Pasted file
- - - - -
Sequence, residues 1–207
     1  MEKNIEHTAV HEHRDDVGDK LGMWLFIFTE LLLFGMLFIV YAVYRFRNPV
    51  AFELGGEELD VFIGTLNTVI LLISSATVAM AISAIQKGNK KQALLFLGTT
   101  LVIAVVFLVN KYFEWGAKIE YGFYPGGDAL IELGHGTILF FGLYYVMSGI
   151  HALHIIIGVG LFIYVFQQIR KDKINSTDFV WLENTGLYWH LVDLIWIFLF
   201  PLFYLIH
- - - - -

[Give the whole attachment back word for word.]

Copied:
Sequence, residues 1–207
     1  MEKNIEHTAV HEHRDDVGDK LGMWLFIFTE LLLFGMLFIV YAVYRFRNPV
    51  AFELGGEELD VFIGTLNTVI LLISSATVAM AISAIQKGNK KQALLFLGTT
   101  LVIAVVFLVN KYFEWGAKIE YGFYPGGDAL IELGHGTILF FGLYYVMSGI
   151  HALHIIIGVG LFIYVFQQIR KDKINSTDFV WLENTGLYWH LVDLIWIFLF
   201  PLFYLIH